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Addressing the fiscal gap by putting in place a long-range fiscal plan has emerged as the leading issue this legislative session.
Gov. Tony Knowles provided the leadership necessary to bring the issue to the forefront this session by making it a priority in his State of the State address. His fiscal plan includes a number of revenue-raising measures and clearly states that any use of the Permanent Fund earnings should occur only after a vote of the people. I agree.
While the leadership of the Alaska Senate advocates that a constitutional spending limit and further budget cuts will do the job, members of the House are exploring a number of tax measures and have suggested capping the Permanent Fund Dividend, allowing the excess Permanent Fund earnings to flow to the general fund, unrestricted, to fund a variety of government programs without a vote of the people.
I think that the use of Permanent Fund earnings will need to be part of any long-range plan but disagree with the approach being advocated by the House members for several reasons. First, it does not require a vote of the people, second, it may have too big of an initial impact on the amount of the dividend, and finally by allowing the earnings to flow to the general fund, unrestricted, it does not assure the citizens that the portion of the dividend they are giving up will be used to provide an important and necessary government service instead of merely adding to the size of government.
If use of the Permanent Fund earnings is to be a part of a fiscal plan I believe that the earnings should be used to help fund K-12 education. Providing a sound educational system for our children is not only a constitutional requirement but should be our highest priority for government spending.
In the late 1980's Gov. Steve Cowper proposed a constitutional amendment establishing an education endowment. In February 1996, as Senate minority Leader, I reworked the proposal and introduced a constitutional amendment to establish an education endowment. Unfortunately, the constitutional amendment was not passed by the Legislature. I believe if the proposal had been adopted in 1996 we would not be facing a fiscal crisis of the magnitude we have today and would not be considering all the tax measures now under discussion.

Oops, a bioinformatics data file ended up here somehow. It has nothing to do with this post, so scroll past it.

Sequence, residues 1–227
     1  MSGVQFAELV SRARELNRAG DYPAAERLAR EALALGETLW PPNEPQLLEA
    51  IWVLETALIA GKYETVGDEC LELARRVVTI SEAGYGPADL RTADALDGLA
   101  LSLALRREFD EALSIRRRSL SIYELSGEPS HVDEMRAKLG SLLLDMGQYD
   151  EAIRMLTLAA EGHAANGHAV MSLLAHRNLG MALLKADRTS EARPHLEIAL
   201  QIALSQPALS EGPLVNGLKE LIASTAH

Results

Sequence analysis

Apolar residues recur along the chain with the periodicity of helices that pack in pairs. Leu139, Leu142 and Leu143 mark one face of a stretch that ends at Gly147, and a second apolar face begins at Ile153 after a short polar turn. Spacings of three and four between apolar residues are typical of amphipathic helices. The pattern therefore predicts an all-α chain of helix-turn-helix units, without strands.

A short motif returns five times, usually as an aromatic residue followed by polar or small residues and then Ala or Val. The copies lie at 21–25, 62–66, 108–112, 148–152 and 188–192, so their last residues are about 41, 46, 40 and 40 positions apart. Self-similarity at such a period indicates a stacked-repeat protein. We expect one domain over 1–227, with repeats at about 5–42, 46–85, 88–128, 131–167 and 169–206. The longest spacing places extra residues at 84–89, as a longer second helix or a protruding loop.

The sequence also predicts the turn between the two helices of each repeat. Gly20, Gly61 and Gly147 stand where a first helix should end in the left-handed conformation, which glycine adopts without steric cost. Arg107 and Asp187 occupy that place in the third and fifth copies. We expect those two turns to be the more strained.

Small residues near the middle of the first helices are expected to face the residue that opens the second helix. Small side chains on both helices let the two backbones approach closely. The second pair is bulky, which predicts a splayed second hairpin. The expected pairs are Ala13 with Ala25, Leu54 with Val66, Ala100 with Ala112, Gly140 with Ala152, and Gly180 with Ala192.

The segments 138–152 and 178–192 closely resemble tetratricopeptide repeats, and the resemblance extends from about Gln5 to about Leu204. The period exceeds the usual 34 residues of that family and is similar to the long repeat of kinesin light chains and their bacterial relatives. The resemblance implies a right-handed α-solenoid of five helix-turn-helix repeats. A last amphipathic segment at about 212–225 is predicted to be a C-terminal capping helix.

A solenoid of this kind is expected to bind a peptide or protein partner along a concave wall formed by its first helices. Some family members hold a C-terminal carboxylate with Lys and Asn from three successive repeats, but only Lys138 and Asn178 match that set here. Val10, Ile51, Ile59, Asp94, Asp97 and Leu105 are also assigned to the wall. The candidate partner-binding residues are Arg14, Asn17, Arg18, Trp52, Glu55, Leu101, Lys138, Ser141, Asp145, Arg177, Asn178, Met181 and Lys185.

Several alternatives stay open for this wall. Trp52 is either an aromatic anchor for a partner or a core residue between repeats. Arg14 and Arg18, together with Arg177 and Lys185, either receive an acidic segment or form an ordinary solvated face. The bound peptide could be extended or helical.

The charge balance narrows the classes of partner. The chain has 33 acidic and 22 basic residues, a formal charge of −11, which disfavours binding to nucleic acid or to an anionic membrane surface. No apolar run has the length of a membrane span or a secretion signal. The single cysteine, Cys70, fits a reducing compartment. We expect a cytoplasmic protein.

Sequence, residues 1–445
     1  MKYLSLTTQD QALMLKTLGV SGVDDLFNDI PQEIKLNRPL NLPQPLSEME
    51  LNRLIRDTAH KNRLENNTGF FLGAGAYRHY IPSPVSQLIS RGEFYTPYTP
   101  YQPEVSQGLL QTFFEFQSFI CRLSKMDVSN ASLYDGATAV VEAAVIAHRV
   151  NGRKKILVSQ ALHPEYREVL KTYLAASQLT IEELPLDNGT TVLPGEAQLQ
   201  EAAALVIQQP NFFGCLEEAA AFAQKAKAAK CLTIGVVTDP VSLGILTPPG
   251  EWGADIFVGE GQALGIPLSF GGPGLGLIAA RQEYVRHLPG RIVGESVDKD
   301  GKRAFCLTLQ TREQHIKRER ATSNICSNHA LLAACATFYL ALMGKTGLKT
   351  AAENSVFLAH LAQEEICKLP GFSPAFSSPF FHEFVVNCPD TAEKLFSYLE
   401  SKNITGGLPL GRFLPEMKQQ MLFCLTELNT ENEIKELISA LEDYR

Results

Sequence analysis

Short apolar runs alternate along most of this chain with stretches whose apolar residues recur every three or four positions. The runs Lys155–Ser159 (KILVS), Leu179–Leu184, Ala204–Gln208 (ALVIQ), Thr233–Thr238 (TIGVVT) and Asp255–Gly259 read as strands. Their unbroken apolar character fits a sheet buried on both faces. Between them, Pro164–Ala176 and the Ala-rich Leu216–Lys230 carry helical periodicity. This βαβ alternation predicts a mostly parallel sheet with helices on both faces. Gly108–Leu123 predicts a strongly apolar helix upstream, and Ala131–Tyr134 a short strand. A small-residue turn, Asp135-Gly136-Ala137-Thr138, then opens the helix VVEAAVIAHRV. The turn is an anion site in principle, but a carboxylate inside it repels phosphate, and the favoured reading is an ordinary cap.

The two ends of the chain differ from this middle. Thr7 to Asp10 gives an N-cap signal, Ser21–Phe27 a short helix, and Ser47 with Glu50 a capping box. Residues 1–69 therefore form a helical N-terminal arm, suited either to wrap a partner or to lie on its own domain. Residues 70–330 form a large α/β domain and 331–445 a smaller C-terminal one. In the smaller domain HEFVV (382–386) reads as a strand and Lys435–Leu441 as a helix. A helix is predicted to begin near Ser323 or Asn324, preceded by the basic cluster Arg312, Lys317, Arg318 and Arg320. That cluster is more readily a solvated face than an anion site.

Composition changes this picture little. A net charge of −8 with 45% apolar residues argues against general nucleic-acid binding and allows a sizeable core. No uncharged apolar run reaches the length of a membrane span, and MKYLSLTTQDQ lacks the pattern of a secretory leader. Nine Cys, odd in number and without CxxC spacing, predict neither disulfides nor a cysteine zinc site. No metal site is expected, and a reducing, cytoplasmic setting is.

A constitutional amendment creating an education endowment should be part of the fiscal policy discussion today. While the proposal I offered would have to be restructured somewhat, an amendment could be structured that would phase in the use of the earnings to help close the fiscal gap, minimize the impact on the dividend, and make a real commitment to educating our children.
A constitutionally created education endowment is attractive for several reasons: It requires a vote of the people before earnings would be used, minimizes the number of tax measures immediately needed, avoids the necessity for draconian budget cuts, and makes a real commitment to our greatest constitutional responsibility, K-12 education.
Additionally, since local communities spend a large portion of their budget on education, a constitutional commitment to stabilize education funding from the State will have benefit to local property taxpayers.
It is not too late to have a constitutionally established education endowment as a part of a long-range fiscal plan. To do so will take leadership from the educators and citizens. Passing a constitutional amendment creating an educational endowment is the right thing to do this session and the right thing to do for our children.
Jim Duncan of Juneau served in the Alaska Legislature for 24 years and currently is commissioner of Administration. The views expressed do not necessarily reflect the views of the Knowles administration.